In performing these two jobs, a router is extremely useful in dealing with two separate computernetworks. It joins the two networks, passing information from one to the other. It also protects thenetworks from one another, preventing the traffic on one from unnecessarily spilling over to theother. Regardless of how many networks are attached, the basic operation and function of therouter remains the same. Since the Internet is one huge network made up of tens of thousands ofsmaller networks, its use of routers is an absolute necessity. For more information, readHowRouters Work.The
National Science Foundation
(NSF) created the first high-speed backbone in 1987. Called
NSFNET
, it was a T1 line that connected 170 smaller networks together and operated at 1.544Mbps (millionbitsper second). IBM, MCI and Merit worked with NSF to create the backbone anddeveloped a T3 (45 Mbps) backbone the following year.Backbones are typically fiber optic trunk lines. The trunk line has multiple fiber optic cablescombined together to increase the capacity. Fiber optic cables are designated OC for opticalcarrier, such as OC-3, OC-12 or OC-48. An OC-3 line is capable of transmitting 155 Mbps whilean OC-48 can transmit 2,488 Mbps (2.488 Gbps). Compare that to a typical 56K modemtransmitting 56,000 bps and you see just how fast a modern backbone is.Today there are many companies that operate their own high-capacity backbones, and all ofthem interconnect at various NAPs around the world. In this way, everyone on the Internet, nomatter where they are and what company they use, is able to talk to everyone else on the planet.The entire Internet is a gigantic, sprawling agreement between companies to intercommunicatefreely.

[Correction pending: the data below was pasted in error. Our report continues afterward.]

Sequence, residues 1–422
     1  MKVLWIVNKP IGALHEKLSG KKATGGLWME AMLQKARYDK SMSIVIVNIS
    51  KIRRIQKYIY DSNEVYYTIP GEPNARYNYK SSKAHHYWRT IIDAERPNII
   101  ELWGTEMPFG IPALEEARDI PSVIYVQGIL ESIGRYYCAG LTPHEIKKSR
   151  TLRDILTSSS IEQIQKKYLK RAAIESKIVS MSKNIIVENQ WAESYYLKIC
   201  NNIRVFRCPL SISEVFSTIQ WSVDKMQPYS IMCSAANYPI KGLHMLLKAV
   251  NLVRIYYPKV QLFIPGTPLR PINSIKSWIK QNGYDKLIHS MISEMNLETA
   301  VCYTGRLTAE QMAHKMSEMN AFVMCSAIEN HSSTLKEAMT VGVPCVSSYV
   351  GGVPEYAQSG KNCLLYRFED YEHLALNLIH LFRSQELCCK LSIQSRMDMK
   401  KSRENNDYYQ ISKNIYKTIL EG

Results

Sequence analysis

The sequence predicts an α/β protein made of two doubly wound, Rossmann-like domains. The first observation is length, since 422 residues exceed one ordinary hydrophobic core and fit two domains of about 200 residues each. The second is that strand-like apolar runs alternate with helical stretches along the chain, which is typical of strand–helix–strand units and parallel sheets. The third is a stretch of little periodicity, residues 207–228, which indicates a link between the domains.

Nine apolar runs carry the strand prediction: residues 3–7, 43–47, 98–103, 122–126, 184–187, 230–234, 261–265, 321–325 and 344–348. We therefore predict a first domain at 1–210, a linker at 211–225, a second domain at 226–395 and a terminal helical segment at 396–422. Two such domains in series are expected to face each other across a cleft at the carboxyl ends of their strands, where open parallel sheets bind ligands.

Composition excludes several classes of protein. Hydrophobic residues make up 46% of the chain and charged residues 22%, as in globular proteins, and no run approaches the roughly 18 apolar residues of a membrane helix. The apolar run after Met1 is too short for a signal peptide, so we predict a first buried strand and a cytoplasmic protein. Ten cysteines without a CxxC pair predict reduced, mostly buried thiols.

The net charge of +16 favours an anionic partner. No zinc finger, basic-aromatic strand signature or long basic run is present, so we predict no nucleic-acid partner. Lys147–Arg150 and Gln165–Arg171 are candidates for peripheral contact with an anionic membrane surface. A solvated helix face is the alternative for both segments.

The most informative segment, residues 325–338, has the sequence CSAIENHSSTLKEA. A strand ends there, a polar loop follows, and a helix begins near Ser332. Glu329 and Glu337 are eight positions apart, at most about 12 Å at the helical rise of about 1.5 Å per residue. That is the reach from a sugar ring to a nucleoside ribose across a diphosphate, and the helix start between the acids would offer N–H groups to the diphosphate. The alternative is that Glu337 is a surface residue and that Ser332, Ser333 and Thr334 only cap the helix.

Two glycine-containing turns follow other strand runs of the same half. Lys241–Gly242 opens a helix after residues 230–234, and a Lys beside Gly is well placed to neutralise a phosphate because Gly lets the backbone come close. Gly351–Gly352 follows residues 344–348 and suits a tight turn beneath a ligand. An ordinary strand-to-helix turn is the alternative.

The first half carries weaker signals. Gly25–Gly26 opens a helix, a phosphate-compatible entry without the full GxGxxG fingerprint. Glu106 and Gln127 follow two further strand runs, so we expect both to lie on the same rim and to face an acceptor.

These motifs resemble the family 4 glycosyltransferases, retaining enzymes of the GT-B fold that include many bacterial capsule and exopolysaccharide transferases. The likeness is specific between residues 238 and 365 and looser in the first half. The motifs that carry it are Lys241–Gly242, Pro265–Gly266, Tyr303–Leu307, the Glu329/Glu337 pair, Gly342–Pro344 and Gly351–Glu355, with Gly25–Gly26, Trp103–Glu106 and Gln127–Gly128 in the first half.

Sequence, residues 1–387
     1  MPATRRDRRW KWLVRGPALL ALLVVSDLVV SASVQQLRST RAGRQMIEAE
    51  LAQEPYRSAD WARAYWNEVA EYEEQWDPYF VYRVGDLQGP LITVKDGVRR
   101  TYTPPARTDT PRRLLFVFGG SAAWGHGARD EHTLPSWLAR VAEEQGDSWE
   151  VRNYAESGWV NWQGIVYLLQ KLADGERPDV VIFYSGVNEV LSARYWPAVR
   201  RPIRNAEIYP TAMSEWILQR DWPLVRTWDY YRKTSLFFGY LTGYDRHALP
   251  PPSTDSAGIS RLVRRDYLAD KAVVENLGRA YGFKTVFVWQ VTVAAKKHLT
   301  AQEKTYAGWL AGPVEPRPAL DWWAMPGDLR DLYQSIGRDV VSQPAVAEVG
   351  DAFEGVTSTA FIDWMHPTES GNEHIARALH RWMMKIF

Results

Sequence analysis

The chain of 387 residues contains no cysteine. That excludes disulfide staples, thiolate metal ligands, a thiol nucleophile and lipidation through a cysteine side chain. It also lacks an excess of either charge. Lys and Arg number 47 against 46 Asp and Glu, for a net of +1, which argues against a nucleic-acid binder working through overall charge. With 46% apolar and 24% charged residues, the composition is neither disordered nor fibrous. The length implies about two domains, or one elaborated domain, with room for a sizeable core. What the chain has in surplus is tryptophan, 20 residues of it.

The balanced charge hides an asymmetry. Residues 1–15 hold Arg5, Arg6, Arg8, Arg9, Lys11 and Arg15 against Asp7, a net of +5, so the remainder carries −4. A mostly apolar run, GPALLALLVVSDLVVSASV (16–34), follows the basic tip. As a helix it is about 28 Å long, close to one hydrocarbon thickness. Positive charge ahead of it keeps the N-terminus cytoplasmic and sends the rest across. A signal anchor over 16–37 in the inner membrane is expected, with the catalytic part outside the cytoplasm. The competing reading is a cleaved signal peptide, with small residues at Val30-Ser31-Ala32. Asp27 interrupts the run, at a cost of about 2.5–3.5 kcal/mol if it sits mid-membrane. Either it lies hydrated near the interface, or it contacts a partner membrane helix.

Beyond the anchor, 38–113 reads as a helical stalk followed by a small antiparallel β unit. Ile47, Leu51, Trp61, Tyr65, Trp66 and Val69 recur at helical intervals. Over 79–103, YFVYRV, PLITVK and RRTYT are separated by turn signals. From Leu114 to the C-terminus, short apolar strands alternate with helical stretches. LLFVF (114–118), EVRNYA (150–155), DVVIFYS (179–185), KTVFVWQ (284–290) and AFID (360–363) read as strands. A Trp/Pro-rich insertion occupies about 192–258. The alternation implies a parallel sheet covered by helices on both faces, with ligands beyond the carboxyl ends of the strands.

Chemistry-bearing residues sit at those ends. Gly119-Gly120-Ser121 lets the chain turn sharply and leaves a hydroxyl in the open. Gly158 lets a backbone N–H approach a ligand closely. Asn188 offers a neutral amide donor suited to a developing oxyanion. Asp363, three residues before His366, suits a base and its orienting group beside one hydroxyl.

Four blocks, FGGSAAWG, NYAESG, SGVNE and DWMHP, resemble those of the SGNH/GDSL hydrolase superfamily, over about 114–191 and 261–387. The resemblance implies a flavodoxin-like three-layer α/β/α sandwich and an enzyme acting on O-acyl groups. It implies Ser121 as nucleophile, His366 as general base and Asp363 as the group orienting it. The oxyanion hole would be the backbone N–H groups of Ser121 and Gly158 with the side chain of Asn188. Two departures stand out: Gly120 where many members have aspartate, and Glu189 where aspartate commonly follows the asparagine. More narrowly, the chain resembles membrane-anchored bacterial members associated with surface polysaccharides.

Protocol of the Internet
 Every machine on the Internet has a unique identifying number, called an
IP Address
. The IPstands for
Internet Protocol
, which is the language that computers use to communicate over theInternet. A protocol is the pre-defined way that someone who wants to use a service talks withthat service. The "someone" could be a person, but more often it is a computer program like aWeb browser.A typical IP address looks like this:
216.27.61.137
 To make it easier for us humans to remember, IP addresses are normally expressed in decimalformat as a
dotted decimal number 
like the one above. But computers communicate inbinary form. Look at the same IP address in binary: